Letter of Continued Interest: A Complete Guide
So you’ve been deferred or waitlisted from a school you had your heart set on. Take heart! There’s still something you can do: write a Letter of Continued Interest.
Of all the application skills that are taught by guidance counselors and teachers, one of the most overlooked is the Letter of Continued Interest. It’s the way to let a school know that you’re still looking at them as a major first choice, even though you’ve been waitlisted or deferred. And while it is generally written at a time when you have many negative emotions swirling at the hurt of initial rejection and uncertainty going forward, if written correctly it can be a polite and professional way to keep the school updated.
Luckily, most of the skills you’ve built writing supplemental essays, personal statements, and thank-you notes to interviewers will all come in handy here. Think of a Letter of Continued Interest as sort of a cross between all of these things.
What is a Letter of Continued Interest?
A Letter of Continued Interest (or, if you’re Notre Dame, a “letter of desire”) is a formal letter to a school that serves as a reassurance that you still want to attend their school, despite being waitlisted or deferred. It’s a good way to remind the school that you still exist, you take initiative, and above all, you’re someone they will want to accept in the next round of admissions or take off the waitlist.
Overall, these types of letters are a long shot. That’s important to know up front. But that’s inherent to the situation you now find yourself in, being deferred or waitlisted. The only thing that a good Letter of Continued Interest can do is help. That is, as long as you don’t write an all-caps letter telling them they were wrong to waitlist or defer you. Just hit the important points, be polite, and end it fast. And, as the Harvard Law School Admissions Office notes, make sure to only include information that will help your candidacy—if your performance has fallen since applying, maybe hold off.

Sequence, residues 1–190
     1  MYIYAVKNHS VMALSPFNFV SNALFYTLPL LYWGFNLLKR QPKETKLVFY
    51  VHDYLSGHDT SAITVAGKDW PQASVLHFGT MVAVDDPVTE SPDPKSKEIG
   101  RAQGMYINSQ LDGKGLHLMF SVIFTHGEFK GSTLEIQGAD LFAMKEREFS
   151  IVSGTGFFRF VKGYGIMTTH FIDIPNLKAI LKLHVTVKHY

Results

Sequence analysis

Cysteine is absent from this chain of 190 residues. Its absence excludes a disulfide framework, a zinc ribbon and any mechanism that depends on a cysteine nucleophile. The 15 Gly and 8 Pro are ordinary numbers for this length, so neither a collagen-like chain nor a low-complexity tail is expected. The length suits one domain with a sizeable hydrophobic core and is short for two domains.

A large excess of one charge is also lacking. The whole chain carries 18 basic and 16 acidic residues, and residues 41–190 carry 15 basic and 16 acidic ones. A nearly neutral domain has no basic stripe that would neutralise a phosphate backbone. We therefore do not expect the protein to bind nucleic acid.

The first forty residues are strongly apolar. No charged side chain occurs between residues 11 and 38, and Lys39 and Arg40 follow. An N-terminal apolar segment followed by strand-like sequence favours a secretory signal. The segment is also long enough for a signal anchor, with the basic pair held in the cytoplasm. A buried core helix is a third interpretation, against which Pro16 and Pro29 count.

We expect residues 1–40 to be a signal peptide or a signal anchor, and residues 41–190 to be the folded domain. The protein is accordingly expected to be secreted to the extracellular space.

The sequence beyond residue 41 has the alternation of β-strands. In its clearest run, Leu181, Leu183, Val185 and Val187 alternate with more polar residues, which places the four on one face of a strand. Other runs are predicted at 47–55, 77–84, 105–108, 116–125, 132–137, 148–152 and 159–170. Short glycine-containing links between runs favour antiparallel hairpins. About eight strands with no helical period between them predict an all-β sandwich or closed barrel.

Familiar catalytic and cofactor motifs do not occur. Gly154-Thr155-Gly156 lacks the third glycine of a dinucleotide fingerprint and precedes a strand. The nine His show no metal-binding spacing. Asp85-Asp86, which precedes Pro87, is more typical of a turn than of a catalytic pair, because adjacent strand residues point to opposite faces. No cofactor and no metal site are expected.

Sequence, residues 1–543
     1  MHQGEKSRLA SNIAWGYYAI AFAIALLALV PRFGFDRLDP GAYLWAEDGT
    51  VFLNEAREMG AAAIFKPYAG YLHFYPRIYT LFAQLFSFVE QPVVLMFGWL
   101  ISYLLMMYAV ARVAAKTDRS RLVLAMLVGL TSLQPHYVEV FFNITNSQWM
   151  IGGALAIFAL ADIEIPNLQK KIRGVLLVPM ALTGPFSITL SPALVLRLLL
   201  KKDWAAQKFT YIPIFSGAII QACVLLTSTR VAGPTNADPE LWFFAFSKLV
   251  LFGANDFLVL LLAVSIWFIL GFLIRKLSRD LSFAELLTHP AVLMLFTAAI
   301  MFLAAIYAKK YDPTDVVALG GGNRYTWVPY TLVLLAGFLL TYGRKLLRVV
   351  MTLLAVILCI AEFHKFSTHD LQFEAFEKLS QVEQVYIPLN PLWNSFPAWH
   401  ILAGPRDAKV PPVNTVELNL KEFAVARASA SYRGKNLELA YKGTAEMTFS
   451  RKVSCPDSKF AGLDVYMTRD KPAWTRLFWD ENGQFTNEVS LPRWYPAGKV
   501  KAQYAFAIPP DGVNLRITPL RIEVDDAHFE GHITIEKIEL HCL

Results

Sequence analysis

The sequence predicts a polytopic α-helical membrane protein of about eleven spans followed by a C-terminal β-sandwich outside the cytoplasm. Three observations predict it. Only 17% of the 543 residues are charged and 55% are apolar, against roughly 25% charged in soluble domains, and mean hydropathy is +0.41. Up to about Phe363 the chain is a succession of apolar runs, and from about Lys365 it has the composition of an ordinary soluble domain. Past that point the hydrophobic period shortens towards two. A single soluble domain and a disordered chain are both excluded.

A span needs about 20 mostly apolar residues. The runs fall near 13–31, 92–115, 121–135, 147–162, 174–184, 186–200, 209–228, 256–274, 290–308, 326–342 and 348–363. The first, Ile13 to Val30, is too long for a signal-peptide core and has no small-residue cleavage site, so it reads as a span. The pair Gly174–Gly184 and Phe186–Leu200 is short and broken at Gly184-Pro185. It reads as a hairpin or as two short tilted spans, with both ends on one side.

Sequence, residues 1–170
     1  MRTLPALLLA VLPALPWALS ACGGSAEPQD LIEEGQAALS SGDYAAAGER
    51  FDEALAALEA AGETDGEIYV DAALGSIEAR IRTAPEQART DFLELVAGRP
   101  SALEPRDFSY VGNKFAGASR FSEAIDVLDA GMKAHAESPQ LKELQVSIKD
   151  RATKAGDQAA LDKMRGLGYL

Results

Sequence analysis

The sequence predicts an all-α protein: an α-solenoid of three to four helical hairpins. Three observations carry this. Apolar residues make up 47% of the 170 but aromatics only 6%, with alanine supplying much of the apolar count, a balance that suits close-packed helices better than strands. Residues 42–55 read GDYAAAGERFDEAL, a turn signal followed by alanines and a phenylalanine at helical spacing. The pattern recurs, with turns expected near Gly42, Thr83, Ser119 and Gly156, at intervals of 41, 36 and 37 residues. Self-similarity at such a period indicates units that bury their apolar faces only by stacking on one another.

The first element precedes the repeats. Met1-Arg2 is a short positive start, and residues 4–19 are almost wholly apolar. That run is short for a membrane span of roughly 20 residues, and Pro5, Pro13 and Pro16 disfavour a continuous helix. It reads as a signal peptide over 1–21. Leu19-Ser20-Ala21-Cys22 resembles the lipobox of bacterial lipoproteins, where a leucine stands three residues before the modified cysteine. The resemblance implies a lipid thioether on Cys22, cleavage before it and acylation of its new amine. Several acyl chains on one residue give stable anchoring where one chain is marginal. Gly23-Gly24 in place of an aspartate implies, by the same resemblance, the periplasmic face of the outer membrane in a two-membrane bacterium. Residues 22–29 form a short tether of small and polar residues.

Another important question that comes with Letters of Continued Interest is when exactly to send them. We’d recommend sending them soon after you receive your deferral or waitlist decision. In the case of colleges, keep in mind the peak times that they’re going to be inundated with applications and letters, so if you’re responding to deferral from Early Action it can be a good idea to wait until early January.
What do Colleges Want to Know About Students Who are Waitlisted or Deferred?
Colleges are generally looking for updates on your academic performance, any extracurricular or athletic leadership positions or awards, and whatever other information that might significantly change your applicant profile. If you won the science fair or got made captain of your rugby team in the months since you first submitted your application, now’s a good time to say so. If your performance in certain classes has changed in a way that would be beneficial to mention, absolutely do.
Put yourself in their shoes to determine what is and isn’t worth mentioning: If you were a an admissions officer and some random kid was writing you, what sorts of things would you want them to tell you? What would you roll your eyes at and discard? Following this rule throughout the college process is important, and no less here. Admissions officers, like the rest of us, are subject to biases and snap judgments—it’s up to you to use those to your advantage.
What to Include in a Letter of Continued Interest?
Address it to your regional admissions officer (if you don’t know who this is, ask) instead of just the admissions office, or worse, the Dean of the college. Thank them for reviewing your application. Then move onto the meat of the letter: why you still want to go to this school and why they should still want to accept you.
This is always a difficult balancing act to hit: on one hand, you want to make sure that you’re not coming across as too cocky, because that’s sure to get your letter thrown in the wastebasket immediately. But on the other hand, you don’t want to seem too desperate. Don’t tell them that this is your only option, and if they don’t admit you you’re probably going to end up in your parents’ basement for the rest of your life. College admissions officers, like potential romantic partners, hardly want someone that nobody else wants. The more you can seem enthusiastic yet desirable, the better your letter is going to go over.
Here also make sure that you reiterate what it is about this school that makes you write the Letter of Continued Interest. This is partly to ensure that they don’t think you’re just sending the same form letter to every college that rejected you, and partly to describe why you’d be a good fit. Because it’s a semi-formal part of the admissions process but not the kind of standard thing that everyone has to send, it’s good to make it personal.
What Not To Include in a Letter of Continued Interest
Keep in mind that there’s not that much time, and they’re going to be swamped with other applications (especially if you applied early and are now deferred) so you shouldn’t take this as an opportunity to re-write your supplemental essays or write 500 words on some other topic. Don’t include anything that’s not important or necessary for them to re-evaluate.